As this case dealt with registered designs, the claimant did not have to prove the requirements of novelty and individual character, but only that of copying. With regard to this requirement, the court stated that the protection was not limited to the designs and models identical to those recorded, but also extended to those with minor differences, provided that such differences did not create a different overall impression.
In this case, the comparison between the products of the two collections showed a clear similarity between the products, and the modifications made by the respondent appeared marginal compared to the models registered by the claimant. Therefore, the court issued against the defendant the same measures as it had ordered in the first case.
The full trial following a preliminary hearing can be particularly onerous for the counterfeiter, since the quantification of damages – beyond the usual rules – is based on Article 125(3) of the Code of Industrial Property, according to which “the injured rights holder can ask for the restitution of the profits earned by the infringer as an alternative to compensation for lost profits or in the amount they exceed longer available compensation”.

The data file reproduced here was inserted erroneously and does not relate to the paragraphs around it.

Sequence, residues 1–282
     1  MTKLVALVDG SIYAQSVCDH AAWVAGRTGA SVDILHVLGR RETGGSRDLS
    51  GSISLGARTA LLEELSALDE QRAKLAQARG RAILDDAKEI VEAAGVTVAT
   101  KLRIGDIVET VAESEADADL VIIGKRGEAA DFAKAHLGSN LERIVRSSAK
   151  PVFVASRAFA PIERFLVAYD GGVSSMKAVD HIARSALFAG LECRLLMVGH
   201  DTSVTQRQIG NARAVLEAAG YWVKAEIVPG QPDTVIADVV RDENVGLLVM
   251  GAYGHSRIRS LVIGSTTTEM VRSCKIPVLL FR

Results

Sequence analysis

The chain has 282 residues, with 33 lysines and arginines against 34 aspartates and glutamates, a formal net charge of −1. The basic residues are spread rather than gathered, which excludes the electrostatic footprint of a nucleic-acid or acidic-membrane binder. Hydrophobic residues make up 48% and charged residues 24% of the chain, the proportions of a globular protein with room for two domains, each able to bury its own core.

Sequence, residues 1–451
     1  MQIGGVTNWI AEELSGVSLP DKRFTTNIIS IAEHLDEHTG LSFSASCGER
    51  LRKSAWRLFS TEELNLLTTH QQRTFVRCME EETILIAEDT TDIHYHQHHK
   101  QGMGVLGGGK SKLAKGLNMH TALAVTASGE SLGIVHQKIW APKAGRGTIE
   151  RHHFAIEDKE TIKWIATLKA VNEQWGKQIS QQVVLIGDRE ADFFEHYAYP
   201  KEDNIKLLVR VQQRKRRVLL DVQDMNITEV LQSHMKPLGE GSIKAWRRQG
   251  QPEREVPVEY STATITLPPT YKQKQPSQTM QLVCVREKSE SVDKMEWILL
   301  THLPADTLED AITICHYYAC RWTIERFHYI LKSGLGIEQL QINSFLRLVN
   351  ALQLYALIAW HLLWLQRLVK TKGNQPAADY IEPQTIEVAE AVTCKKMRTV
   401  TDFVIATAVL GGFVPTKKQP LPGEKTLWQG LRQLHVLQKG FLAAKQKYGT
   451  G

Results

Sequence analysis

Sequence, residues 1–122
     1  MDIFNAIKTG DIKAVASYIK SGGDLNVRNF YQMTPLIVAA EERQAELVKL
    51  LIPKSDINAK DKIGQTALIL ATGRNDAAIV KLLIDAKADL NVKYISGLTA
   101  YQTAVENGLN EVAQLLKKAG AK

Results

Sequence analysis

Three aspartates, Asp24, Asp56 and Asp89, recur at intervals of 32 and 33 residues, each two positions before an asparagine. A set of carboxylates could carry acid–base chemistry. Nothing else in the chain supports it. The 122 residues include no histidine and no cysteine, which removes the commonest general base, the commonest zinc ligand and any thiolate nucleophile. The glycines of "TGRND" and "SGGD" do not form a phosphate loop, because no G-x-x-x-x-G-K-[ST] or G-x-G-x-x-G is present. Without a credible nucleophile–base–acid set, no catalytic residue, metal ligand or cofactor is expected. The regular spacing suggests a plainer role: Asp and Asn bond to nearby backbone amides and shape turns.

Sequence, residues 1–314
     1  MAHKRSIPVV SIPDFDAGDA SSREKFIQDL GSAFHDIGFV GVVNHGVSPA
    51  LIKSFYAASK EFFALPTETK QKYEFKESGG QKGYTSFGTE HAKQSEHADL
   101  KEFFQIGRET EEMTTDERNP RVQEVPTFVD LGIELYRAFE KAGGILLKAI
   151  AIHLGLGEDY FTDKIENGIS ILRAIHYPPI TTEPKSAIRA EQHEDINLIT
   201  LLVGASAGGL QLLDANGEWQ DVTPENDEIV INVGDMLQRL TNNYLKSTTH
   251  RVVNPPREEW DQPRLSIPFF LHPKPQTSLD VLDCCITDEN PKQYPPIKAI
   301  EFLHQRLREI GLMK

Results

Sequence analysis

This risk, made concrete by the outcome of the preliminary proceedings, led the respondent to try to reach an agreement in order to avoid the claimant filing trial proceedings.
In both cases discussed here, an agreement was reached, taking as a benchmark the method for calculating damages set out in Article 125(3) of the Code of Industrial Property. Thus, the court awarded the claimant a significant amount.
The analysis of these two cases shows that the Italian system is particularly efficient in the protection of designs, both registered and unregistered.